Budget speech 2022: Social grants set for an increase

Those dependent on social grants are set for an increase on the monthly relief payments.

R58.6 BILLION ALLOCATED 

This is according to Finance Minister Enoch Godogwana who was giving his maiden budget speech on Wednesday afternoon.

He said the Department of Social Development would receive the largest allocation of R58.6 billion over the medium term. 

He said the allocation would allow for the initiation of a new extended child support grant for double orphans. 

“This is to encourage the care of orphans within families rather than foster care.

GRANTS INCREASE FROM APRIL

He said the old age, war veterans, disability and care dependency grants would increase by R90 in April and a further R10 in October. 

“The foster care and child support grants will increase by a once off R20 in April.”

R44 billion is allocated to a 12-month extension of the social relief of distress grant. 

In its Budget Review document, the National Treasury said while remaining on course to stabilise debt, government proposes raising spending in the areas of greatest need.

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“The 2022 Budget provides for a 12‐month extension of the R350 per month special COVID‐19 social relief of distress grant. This will ensure the continuation of public support for poor households as the pandemic recedes,” the National Treasury said.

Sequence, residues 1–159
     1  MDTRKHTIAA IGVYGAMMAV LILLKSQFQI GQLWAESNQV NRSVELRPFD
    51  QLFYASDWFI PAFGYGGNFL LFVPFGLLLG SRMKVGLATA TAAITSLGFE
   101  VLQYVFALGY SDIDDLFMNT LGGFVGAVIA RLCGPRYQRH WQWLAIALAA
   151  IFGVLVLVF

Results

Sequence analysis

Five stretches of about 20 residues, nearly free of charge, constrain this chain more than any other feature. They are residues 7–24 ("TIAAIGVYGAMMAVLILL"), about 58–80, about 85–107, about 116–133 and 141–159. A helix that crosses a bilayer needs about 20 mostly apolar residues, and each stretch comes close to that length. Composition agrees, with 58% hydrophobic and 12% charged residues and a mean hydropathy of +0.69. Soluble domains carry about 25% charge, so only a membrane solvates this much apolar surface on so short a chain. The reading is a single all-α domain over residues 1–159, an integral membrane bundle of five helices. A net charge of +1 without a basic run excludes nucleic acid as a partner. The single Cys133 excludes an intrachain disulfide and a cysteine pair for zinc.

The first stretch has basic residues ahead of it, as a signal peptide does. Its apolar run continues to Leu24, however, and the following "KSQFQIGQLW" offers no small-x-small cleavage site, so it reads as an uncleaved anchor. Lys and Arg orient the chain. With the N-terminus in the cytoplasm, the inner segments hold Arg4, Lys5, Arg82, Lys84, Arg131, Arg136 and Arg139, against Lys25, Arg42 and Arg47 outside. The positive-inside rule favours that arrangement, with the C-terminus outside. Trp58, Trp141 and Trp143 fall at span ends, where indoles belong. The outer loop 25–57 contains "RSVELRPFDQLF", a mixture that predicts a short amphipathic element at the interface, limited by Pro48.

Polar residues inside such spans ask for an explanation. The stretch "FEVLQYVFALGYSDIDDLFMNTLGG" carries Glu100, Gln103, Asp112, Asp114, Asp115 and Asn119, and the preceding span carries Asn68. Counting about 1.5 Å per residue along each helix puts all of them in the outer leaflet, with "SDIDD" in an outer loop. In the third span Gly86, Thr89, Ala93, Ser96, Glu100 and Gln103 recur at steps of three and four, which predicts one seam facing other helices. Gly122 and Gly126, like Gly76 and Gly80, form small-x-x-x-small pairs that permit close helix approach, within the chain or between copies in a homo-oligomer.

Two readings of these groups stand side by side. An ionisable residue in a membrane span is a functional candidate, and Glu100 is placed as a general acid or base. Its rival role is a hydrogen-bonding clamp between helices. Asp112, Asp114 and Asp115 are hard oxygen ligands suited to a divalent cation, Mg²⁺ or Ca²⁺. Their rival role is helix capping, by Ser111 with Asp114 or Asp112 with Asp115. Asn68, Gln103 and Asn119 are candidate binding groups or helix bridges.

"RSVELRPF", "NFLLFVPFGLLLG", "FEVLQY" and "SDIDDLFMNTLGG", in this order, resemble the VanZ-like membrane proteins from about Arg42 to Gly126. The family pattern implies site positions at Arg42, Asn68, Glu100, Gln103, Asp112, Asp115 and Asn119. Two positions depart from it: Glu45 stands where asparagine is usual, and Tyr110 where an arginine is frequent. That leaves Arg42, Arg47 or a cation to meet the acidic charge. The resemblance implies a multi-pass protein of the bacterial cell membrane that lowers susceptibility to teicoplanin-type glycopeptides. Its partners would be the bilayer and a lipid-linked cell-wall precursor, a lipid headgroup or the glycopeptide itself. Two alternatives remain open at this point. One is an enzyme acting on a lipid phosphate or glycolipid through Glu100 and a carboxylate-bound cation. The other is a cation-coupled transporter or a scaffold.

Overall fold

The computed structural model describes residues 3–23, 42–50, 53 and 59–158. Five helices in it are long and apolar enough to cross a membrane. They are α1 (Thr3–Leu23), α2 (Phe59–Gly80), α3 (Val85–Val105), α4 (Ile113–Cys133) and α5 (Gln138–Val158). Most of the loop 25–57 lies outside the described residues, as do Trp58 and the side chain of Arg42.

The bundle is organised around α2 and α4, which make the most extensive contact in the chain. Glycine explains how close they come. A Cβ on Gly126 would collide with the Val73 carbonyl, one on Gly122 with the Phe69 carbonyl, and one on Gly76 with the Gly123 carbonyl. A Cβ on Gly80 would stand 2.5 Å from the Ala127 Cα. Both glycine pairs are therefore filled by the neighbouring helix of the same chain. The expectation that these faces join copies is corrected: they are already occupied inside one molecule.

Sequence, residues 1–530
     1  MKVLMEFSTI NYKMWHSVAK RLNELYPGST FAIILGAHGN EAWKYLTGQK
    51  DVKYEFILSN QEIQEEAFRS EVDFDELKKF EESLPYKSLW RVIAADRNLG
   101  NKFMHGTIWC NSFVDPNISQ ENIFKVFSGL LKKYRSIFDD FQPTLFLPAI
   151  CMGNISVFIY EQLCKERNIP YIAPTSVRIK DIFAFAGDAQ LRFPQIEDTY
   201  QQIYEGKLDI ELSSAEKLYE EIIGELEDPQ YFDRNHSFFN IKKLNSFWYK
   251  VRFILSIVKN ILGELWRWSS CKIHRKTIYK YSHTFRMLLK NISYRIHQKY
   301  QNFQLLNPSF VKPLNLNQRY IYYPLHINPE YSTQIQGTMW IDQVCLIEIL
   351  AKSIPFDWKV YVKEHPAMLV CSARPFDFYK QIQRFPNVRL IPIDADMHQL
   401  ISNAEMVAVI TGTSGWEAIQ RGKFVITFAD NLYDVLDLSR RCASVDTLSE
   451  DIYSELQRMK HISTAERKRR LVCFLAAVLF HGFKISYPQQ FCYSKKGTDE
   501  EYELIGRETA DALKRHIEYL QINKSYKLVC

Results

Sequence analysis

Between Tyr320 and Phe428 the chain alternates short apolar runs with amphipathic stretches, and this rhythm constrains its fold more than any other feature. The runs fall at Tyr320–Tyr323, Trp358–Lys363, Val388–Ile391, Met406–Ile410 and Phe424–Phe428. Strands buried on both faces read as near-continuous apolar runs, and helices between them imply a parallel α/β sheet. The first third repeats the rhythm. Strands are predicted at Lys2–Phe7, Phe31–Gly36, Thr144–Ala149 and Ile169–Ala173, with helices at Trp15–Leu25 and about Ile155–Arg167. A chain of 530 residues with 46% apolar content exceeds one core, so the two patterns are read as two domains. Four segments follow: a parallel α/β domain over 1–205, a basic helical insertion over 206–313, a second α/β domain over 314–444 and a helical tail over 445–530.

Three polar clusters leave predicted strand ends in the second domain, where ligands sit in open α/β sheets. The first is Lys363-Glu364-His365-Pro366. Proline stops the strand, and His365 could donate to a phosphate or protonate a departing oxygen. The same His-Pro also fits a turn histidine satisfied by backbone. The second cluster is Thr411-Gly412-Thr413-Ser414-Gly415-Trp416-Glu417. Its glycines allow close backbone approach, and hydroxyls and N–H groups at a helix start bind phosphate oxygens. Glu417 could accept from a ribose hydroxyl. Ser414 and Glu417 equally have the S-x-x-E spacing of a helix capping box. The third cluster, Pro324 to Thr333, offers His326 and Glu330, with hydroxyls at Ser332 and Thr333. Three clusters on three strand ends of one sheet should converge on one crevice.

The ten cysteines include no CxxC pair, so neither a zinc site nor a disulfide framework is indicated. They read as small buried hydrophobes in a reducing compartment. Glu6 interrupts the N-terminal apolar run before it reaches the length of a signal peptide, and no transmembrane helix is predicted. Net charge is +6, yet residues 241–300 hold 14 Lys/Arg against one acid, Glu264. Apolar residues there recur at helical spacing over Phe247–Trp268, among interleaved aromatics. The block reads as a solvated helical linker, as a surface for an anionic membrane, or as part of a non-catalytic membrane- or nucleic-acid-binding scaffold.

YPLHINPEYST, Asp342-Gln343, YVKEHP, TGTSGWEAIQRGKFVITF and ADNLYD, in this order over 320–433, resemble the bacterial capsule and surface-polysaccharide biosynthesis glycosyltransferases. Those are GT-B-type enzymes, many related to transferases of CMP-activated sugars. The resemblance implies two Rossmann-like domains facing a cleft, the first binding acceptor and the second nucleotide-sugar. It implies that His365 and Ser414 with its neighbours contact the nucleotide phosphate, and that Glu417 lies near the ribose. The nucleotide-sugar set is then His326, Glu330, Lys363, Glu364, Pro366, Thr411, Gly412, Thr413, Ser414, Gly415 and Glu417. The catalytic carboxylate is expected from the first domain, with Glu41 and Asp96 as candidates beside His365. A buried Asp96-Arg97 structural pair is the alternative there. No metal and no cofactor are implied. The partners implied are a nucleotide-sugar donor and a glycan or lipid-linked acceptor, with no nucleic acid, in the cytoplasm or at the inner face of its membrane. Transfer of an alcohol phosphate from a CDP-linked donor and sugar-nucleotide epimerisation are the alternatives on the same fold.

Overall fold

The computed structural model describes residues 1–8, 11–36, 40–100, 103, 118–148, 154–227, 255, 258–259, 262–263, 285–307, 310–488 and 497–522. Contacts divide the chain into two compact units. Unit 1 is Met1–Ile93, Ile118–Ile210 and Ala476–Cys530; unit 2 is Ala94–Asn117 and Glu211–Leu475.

The National Treasury said the country’s comprehensive social wage had been significantly augmented in the last two budgets.

“Spending on the social wage has risen from 58.2% to 59.5% of consolidated non‐interest spending between 2019/20 and 2021/22, and nearly half of the population currently receives at least one social grant from the state.” 

“At the same time, a key weakness in economic performance has been persistently high joblessness, which lies at the root of poverty and exacerbates inequality.”

The pandemic has elevated the public debate on how government should provide social protection to poor and vulnerable households.

“The special COVID‐19 social relief of distress grant, like South Africa’s other social grants, has helped to alleviate poverty.

“However, in a context of overstretched public finances and persistently high unemployment, the continuation of such a social transfer must be matched by a combination of permanent spending reductions and tax revenue increases.”

“Matching new spending with permanent revenue sources is prudent and responsible fiscal policy.”  

The National Treasury said given the economic outlook, the current improvement in revenue performance is not considered permanent.

“The Presidency, the National Treasury, the Department of Social Development and interested parties are working on a sustainable long‐term approach to social protection consistent with government’s broad development mandate and the need to ensure affordability.” 

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